Dog Food

A question frequently asked by owners of new puppies is “What should I feed my puppy?” This is a very good question, but doesn’t always have a simple answer. Puppies grow extremely rapidly from conception to around 6 weeks, when the rate of growth steadily declines as full size is achieved at 6-18 months according to breed. What this means with food is that, not only do we need to provide enough food, but the food needs to contain the correct nutrients in the correct proportions. A deficiency of, say, calcium from 6 to 10 weeks of age, can be corrected, but the puppy may never attain quite the size and bone strength that it could have had with correct feeding.

 

 

Millions of dollars have been spent on research over the years into just which nutrients, in which proportions, are necessary for optimum growth of dogs at various life stages. The end result of this research (which is ongoing) is the huge range of prepared dog foods on the market today. Some people dislike prepared foods, claiming that they are not “natural’ food for dogs. It is true that the wild dog did not evolve to eat pelleted food (dog biscuits). However most would agree that it is not practicable or desirable, for dogs to hunt or scavenge fresh carcasses for food, as nature intended. At the risk of being rude, I would also point out that nature did not intend for many modern dog breeds to be the shape and size they are, either!

Formulated dog foods fill a definite need in today’s busy world. The protein, fat, carbohydrate, vitamin and mineral needs of the canine have been enclosed into biscuit form. Protein is protein, whether it comes in a biscuit or as a sheep’s leg. In the 1980’s (and before), disease of puppies and kittens due to dietary deficiency was common. Today it is rare, and this is due to the advent of high quality formulated dog and cat foods. Of the prepared foods, you definitely get what you pay for. Dry food is best value for money, as you are not paying for much water. Canned foods are 70% water on average. Especially for dogs under increased demand, eg pregnancy, lactation, showing, growth, traveling, look for AAFCO approved foods. This is a standard set by the American Association of Feed Controls, and means that the brand of food has been tested in food trials, and found to supply all nutrients required by a dog in that life stage (eg puppy food for puppy).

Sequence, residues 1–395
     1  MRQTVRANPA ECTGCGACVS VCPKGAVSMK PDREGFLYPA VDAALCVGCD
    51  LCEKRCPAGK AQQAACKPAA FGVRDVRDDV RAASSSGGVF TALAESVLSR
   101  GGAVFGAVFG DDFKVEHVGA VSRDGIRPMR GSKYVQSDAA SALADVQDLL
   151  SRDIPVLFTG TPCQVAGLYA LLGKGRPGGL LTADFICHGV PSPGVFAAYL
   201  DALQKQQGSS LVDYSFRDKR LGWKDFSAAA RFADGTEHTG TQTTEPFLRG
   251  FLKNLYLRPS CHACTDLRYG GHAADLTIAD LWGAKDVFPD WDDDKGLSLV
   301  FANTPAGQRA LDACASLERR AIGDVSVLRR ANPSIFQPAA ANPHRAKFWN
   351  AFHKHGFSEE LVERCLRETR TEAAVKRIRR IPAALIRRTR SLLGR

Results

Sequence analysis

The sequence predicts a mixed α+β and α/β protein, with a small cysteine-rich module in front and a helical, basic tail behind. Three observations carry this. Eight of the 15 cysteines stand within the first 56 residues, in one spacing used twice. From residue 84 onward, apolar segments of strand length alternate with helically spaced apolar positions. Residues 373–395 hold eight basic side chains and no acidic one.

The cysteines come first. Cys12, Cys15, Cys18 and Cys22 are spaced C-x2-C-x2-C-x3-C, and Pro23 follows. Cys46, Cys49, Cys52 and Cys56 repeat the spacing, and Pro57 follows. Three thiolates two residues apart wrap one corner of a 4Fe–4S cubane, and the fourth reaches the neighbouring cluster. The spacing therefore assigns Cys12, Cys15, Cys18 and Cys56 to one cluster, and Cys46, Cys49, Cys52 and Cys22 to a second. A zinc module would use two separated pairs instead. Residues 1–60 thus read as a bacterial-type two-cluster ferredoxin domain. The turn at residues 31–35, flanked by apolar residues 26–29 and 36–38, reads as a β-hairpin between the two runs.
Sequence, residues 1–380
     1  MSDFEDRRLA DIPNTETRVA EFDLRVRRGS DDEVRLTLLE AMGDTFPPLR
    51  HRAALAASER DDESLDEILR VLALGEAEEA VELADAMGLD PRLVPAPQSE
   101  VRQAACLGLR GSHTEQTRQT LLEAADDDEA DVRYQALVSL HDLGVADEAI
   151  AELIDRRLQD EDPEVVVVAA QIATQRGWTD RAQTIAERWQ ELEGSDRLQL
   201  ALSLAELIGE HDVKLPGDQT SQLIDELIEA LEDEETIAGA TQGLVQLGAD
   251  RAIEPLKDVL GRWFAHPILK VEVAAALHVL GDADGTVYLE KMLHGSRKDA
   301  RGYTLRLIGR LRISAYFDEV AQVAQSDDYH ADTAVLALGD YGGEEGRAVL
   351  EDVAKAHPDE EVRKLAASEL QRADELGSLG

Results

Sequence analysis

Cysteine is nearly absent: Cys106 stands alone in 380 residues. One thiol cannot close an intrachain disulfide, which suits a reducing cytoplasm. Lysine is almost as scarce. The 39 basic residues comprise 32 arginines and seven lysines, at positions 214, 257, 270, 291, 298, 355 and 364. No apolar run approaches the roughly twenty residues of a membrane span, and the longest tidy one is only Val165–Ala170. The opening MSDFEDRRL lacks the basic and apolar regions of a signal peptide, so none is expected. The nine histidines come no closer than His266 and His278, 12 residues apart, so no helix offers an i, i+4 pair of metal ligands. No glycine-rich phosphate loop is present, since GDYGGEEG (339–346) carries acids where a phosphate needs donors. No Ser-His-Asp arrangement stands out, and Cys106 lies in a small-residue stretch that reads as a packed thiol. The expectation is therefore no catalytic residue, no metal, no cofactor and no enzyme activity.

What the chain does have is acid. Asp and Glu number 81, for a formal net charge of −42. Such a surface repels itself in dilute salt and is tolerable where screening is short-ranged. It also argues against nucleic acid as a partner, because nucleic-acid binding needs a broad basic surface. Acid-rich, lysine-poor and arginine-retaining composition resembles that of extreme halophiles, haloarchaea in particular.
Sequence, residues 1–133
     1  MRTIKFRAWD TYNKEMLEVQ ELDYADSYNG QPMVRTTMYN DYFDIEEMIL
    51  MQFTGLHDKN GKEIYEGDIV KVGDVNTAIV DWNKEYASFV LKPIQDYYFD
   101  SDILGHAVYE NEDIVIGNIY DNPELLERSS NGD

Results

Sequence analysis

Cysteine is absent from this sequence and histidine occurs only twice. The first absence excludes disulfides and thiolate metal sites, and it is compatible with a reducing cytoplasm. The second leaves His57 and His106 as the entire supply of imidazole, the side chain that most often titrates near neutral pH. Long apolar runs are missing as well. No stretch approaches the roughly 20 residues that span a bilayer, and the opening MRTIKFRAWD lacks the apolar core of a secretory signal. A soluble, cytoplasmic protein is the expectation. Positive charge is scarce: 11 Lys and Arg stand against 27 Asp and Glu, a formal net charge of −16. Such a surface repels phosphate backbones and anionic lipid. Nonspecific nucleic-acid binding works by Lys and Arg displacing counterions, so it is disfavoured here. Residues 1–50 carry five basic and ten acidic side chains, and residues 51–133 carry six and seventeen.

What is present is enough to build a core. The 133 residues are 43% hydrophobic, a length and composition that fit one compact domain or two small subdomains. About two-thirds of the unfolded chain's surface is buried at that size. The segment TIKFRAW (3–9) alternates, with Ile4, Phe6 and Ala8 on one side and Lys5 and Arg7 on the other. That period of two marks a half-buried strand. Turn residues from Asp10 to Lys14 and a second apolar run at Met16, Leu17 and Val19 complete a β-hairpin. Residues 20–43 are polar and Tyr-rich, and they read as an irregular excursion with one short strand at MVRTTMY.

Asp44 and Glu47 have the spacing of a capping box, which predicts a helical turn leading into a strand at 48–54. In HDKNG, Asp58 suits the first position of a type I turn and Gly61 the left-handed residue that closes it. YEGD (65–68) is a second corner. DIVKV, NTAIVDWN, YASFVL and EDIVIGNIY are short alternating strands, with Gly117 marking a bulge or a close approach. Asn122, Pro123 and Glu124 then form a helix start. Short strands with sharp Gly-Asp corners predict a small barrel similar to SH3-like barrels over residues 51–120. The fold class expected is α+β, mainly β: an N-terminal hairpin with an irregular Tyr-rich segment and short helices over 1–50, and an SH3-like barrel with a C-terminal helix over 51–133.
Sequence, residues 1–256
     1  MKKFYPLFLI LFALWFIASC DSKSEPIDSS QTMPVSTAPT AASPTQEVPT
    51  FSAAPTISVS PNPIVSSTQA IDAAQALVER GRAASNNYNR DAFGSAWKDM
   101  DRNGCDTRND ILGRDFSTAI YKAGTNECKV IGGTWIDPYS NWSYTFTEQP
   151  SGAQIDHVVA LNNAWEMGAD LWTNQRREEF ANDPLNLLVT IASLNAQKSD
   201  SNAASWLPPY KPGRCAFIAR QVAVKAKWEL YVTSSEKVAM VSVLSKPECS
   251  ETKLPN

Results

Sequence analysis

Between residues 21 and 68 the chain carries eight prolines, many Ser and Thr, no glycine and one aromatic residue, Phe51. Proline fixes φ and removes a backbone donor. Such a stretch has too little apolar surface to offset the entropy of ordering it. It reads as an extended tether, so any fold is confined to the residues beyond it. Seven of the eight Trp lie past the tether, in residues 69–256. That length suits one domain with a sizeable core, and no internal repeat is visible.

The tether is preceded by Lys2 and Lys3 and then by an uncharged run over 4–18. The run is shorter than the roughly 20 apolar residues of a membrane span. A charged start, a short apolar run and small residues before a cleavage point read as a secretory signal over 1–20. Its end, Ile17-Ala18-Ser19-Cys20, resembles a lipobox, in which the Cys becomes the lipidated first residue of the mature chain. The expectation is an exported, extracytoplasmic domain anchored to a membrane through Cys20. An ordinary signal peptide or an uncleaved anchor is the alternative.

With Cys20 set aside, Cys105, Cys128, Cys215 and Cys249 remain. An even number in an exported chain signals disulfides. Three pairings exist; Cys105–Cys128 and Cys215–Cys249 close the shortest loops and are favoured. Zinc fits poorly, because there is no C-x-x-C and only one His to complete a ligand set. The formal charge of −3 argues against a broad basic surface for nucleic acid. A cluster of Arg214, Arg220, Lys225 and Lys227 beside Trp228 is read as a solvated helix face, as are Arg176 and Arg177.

AAFCO approved foods are known as “premium” foods. Brands you will be familiar with include Eukanuba, Proplan, and Hills Science Diet. Non-premium foods, eg some dog rolls, are not suitable to feed as a sole food. They will be fine if fed with a premium food as part of the diet. The premium foods, however, guarantee to provide all the nutrients needed by a dog, without any other food added. My advice in general would be, that where there is increased demand (as above), at least half the dietary calories should be in the form of a premium food (eg lactating bitch would require puppy food, which has extra protein and calcium compared to maintenance food).

Foods to avoid in all cases are: very fatty foods eg mutton flaps; all bones, uncooked sheep offal.

As the puppy grows older, people often ask “How much should I feed my dog?” You should feed your dog as much as needed to maintain the optimum weight. If the dog is gaining weight, feed less. If the dog is losing weight, feed more. (If it still loses weight, take it to your vet). With premium foods, the amount needed is often very small, eg 1-2 cups (100-200gms) for a 30kg adult dog.